Adoption of on-farm water management strategies and its impact on household welfare: Evidence from the Upper Ewaso Ng’iro North Catchment Area, Kenya

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Simon Nganga Mwaura 


On-farm water management strategies can be classified into technological and non-technological options. While, numerous studies have assessed the drivers of the adoption of conservation strategies, few have assessed the welfare impacts of adoption. Analysis was conducted on cross-sectional farm household data collected from 652 households randomly selected from eight sub-catchments of the Upper Ewaso Ng’iro North Catchment Area (ENNCA). The study assessed the determinants of adoption of on-farm water management strategies and estimated the impact of adoption on household consumption per adult equivalent, using the Multinomial Endogenous Switching Regression (MESR) framework. The results show that adoption of on-farm water management strategies, is influenced by household socioeconomic and institutional factors; and adoption of all WMS offers the greatest impact on household welfare. Therefore, households need to be trained on the importance of the adoption of multiple water management strategies so as to benefit from substitutionality and complementarity of these technologies.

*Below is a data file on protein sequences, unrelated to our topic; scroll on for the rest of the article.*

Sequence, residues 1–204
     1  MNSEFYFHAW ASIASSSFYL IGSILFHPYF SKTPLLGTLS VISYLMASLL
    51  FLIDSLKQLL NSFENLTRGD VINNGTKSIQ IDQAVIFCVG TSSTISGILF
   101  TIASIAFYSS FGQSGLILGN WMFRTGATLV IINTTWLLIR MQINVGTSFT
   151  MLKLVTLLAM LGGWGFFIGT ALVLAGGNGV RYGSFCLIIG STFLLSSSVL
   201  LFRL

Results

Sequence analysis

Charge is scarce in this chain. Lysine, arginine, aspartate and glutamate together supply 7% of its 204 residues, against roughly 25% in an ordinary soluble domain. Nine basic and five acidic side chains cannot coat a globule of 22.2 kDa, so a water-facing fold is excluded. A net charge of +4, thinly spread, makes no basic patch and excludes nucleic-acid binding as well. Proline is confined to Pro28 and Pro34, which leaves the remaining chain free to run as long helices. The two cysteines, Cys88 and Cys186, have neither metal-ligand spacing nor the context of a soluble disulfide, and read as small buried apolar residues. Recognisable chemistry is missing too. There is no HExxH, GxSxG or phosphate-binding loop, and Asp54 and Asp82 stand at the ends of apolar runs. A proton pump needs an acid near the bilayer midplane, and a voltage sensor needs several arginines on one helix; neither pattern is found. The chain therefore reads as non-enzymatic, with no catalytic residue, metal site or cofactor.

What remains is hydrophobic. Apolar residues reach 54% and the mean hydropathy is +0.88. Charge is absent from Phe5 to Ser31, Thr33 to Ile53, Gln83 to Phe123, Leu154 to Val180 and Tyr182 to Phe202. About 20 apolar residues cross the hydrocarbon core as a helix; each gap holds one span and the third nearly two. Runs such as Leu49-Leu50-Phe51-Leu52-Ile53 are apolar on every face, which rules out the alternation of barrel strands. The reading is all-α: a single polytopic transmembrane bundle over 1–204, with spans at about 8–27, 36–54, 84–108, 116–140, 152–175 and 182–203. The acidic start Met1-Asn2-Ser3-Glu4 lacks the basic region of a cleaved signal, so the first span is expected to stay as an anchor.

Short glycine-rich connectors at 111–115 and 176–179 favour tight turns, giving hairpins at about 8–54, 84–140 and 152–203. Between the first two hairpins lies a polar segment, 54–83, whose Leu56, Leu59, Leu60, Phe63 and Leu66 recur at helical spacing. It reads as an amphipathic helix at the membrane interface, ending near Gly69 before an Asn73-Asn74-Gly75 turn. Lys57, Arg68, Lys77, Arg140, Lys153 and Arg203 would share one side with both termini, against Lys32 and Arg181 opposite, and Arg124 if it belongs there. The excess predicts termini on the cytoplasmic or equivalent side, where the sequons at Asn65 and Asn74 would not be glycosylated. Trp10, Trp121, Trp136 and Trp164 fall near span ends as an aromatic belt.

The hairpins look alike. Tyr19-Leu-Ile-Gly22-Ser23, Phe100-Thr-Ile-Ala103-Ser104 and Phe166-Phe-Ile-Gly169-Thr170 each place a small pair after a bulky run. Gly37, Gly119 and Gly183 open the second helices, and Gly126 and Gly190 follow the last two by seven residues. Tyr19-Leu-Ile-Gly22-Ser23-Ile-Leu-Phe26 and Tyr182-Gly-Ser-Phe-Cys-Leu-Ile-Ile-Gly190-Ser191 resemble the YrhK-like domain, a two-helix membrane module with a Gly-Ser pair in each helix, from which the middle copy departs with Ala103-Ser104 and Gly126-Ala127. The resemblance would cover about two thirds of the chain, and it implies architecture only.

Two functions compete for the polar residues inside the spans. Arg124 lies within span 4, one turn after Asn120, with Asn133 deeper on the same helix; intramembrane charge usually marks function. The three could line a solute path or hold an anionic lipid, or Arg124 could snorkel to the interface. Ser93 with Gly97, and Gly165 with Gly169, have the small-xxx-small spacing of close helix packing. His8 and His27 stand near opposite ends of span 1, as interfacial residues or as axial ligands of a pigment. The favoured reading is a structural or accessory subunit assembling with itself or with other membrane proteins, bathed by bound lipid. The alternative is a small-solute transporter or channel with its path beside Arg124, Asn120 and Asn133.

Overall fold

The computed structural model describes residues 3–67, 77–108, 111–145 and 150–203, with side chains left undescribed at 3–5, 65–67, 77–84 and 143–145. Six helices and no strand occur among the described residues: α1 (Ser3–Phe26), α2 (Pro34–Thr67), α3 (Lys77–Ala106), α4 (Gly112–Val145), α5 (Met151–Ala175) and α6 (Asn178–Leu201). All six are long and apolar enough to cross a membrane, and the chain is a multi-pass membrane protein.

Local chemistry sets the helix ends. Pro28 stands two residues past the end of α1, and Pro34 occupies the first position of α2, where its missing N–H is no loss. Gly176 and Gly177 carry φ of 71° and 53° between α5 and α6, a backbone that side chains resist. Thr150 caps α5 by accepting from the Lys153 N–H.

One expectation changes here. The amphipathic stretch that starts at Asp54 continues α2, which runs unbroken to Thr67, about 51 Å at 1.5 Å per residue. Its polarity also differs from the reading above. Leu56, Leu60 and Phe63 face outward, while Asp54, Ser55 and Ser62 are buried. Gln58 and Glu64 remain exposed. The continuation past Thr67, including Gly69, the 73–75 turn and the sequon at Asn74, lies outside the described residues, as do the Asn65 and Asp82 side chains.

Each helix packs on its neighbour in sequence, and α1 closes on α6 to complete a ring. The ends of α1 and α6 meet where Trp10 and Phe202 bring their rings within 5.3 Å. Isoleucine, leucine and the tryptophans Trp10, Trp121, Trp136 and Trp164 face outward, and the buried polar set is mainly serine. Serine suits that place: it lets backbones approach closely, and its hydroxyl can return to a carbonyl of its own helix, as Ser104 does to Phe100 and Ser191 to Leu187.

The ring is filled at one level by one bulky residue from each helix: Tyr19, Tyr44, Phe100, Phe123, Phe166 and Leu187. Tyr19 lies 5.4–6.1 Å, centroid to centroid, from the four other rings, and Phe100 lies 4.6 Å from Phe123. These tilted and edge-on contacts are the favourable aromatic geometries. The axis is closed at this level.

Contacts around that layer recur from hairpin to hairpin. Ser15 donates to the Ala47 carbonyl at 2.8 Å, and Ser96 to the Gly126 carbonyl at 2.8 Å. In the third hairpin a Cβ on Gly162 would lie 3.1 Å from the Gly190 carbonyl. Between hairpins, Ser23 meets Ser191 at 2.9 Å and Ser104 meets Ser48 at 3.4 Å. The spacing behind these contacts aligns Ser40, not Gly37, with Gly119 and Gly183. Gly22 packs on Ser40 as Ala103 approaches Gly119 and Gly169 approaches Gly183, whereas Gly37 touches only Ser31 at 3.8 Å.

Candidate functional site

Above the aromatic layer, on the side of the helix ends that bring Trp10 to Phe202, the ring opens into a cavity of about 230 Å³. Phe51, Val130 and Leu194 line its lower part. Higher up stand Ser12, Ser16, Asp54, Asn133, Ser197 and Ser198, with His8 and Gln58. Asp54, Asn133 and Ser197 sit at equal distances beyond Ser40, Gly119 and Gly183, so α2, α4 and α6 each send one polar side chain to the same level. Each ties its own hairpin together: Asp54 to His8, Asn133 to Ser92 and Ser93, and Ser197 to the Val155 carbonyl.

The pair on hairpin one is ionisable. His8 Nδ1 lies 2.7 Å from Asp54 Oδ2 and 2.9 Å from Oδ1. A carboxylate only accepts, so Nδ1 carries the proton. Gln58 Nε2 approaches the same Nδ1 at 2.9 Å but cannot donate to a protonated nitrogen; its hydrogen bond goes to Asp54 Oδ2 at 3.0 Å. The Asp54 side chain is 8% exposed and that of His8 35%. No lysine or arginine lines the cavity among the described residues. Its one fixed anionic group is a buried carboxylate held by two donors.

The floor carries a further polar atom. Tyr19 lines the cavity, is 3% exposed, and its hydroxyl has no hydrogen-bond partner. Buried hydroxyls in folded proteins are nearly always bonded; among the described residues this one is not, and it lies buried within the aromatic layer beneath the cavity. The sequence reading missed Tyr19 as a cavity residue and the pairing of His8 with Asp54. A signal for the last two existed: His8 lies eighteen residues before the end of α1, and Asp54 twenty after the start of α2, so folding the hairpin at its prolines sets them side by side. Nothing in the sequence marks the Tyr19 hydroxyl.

Adoption, Multinomial Endogenous Switching Regression, Water management, Upper Ewaso Ng'iro, Impact, Welfare, Household Consumption per Adult Equivalent,


Published: 2024-05-03 18:09

Last Updated: 2024-05-04 01:09


CC BY Attribution 4.0 International

Additional Metadata

Data Availability (Reason not available):
This study used a human participant interview data that contains highly sensitive information on GPS coordinates of households, household head details, financial records, household members personal details. However, the author can share annonymized data upon request in consideration of ethical issues pertaining to the data in question.

Conflict of interest statement:
The author declares no conflict of interest